top of page

Check out what Coach Jena says about Macros!

Let's chat about Macronutrients: what are they, and why do need them?!

"Macronutrients" is the umbrella term for Protein, Fats, and Carbohydrates.

Every food you eat/ beverage you consume is made up of a combination of these 3- unless we're talking about alcohol (this is its own category that we'll get to in a different post).

There is unfortunately a lot of #fakenews out there demonizing carbs, fats, and even proteins, but the truth is that each macronutrient plays an integral role in the body.

Let’s look at each of the Macronutrients, what it does, and where to get them!


Protein is a building block for your muscle tissue, but it is also a big part of what makes up your hair, skin, nails, bones, and cartilage. When you break down muscle tissue (from exercise, moving throughout the day, or if you get injured), your body utilizes protein to repair the broken down tissue, and build more tissue to support it. Protein also aids in the production of certain hormones, and enzymes that the body needs to perform daily functions. As we age, our bodies need more protein (not less!) to combat the deterioration of muscle and skeletal tissue, as well as hormone production.


Fat helps your body store energy, insulate organs, and regulate hormone production. It aids in the absorption of Vitamins A, D, E, and K, and it also boosts your brain function. If you’ve ever gone on a low-fat crash diet, you might have felt like you had brain fog, and this is why! There are four different types of fats; Saturated, Monounsaturated, Polyunsaturated, and Trans Fats. Your body needs all of them, just some more than others (AKA balance).

• Saturated Fats are found in things like Coconut Oil and MCT Oil.

• Monounsaturated Fats protect your heart, and support insulin sensitivity, weight management, and energy levels. You can find them in Avocado, and Olive Oil.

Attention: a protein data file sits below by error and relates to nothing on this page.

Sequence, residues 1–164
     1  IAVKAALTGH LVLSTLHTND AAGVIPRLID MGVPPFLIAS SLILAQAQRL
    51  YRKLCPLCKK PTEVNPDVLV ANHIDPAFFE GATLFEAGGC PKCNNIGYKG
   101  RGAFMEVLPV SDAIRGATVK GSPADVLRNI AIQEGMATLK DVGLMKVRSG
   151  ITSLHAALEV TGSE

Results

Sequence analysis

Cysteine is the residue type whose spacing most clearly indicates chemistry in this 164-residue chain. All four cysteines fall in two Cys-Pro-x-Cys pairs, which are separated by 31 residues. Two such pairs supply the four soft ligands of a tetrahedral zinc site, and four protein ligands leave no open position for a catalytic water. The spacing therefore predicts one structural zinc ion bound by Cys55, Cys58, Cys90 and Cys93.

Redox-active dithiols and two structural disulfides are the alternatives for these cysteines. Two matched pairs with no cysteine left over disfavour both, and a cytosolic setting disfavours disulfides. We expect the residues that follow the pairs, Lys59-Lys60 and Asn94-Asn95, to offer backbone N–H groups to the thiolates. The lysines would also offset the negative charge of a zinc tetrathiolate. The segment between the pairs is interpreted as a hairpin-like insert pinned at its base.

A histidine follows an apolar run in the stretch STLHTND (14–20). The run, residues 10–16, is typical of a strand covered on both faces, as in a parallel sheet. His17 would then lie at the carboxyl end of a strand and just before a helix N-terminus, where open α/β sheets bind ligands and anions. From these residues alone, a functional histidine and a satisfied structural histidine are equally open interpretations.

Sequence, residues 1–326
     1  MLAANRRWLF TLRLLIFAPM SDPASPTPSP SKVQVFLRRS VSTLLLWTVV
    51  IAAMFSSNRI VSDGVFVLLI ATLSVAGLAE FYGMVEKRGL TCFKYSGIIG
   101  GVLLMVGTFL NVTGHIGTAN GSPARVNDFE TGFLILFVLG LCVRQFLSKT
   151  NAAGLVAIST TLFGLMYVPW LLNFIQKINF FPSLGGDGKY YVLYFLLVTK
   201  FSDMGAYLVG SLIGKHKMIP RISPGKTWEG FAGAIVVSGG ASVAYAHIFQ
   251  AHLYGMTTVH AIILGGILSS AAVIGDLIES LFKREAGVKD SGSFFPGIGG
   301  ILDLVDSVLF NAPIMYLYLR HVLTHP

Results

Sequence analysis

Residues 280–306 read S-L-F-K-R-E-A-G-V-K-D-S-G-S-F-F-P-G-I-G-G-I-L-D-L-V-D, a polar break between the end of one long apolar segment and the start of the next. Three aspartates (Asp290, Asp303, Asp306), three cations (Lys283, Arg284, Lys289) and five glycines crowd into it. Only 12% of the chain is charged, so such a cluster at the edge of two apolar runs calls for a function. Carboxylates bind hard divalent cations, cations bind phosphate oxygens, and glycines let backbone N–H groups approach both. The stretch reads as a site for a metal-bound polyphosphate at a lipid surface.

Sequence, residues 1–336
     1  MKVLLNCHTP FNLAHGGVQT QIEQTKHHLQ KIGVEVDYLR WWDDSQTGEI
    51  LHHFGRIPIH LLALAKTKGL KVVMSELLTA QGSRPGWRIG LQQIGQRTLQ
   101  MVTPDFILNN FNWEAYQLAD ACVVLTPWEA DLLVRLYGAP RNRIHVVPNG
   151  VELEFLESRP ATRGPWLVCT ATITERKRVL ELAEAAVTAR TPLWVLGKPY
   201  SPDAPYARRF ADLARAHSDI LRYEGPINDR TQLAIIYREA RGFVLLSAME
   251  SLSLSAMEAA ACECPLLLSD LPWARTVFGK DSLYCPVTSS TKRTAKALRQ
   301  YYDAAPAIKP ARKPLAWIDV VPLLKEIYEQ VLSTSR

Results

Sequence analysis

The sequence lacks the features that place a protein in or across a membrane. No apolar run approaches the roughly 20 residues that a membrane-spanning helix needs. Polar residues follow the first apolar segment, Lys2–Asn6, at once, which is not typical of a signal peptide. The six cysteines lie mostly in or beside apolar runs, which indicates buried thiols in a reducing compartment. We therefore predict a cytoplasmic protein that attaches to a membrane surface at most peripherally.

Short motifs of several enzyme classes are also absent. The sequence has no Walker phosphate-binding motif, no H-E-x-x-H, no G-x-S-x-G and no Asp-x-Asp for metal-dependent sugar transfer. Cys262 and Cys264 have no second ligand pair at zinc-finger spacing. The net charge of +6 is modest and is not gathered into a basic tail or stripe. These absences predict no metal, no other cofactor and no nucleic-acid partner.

• Polyunsaturated Fats are most commonly found in Omega-3 and Omega-6 Fats. Omega-3s reduce inflammation while Omega-6s promote inflammation. It is important to have both in our bodies, because we cannot adapt/change/get stronger without a small dose of inflammation.

• Trans Fats are best avoided in the diet, so they’re kind of the exception to the “you need all of these” rule, but they are sometimes unavoidable. Trans fats are a byproduct of the processing of oils so that they don’t go rancid or turn into solids, so really the byproduct of preserving something so it doesn’t spoil is not ideal for you to be consuming in your diet.


Carbohydrates provide your body with the energy it needs to perform all daily activities, including walking, breathing, eating, and exercising. By utilizing carbohydrates for energy, your body is able to devote protein and fats to other bodily functions where there is a greater need, like building muscle, brain function, and reproduction. If you eat enough carbohydrates to sustain your energy levels, your body will be able to utilize those carbs as fuel, but if you eat too much in excess, your body stores the extra as reserve energy in fat cells. This happens more often with highly processed foods, as they are super palatable (they’re really fun to eat) and lower volume (more calorie-dense), so it is a lot easier to over eat them. There are simple and complex carbohydrates, so let’s look at those:

• Simple Carbs- these are basically just sugars, and are the most readily available forms of fuel for the body. These are mostly found in fruit juice and sweeteners like honey, sugar, and syrup.

• Complex Carbs- these are more nutrient-dense forms of carbohydrates, that have a combination of sugars and fiber, which makes them a little harder to break down in the short-term, but will help keep you fuller longer. Usually you will find these in whole, unprocessed foods like fruits, vegetables (and starches), beans, and grains.

44 views0 comments
bottom of page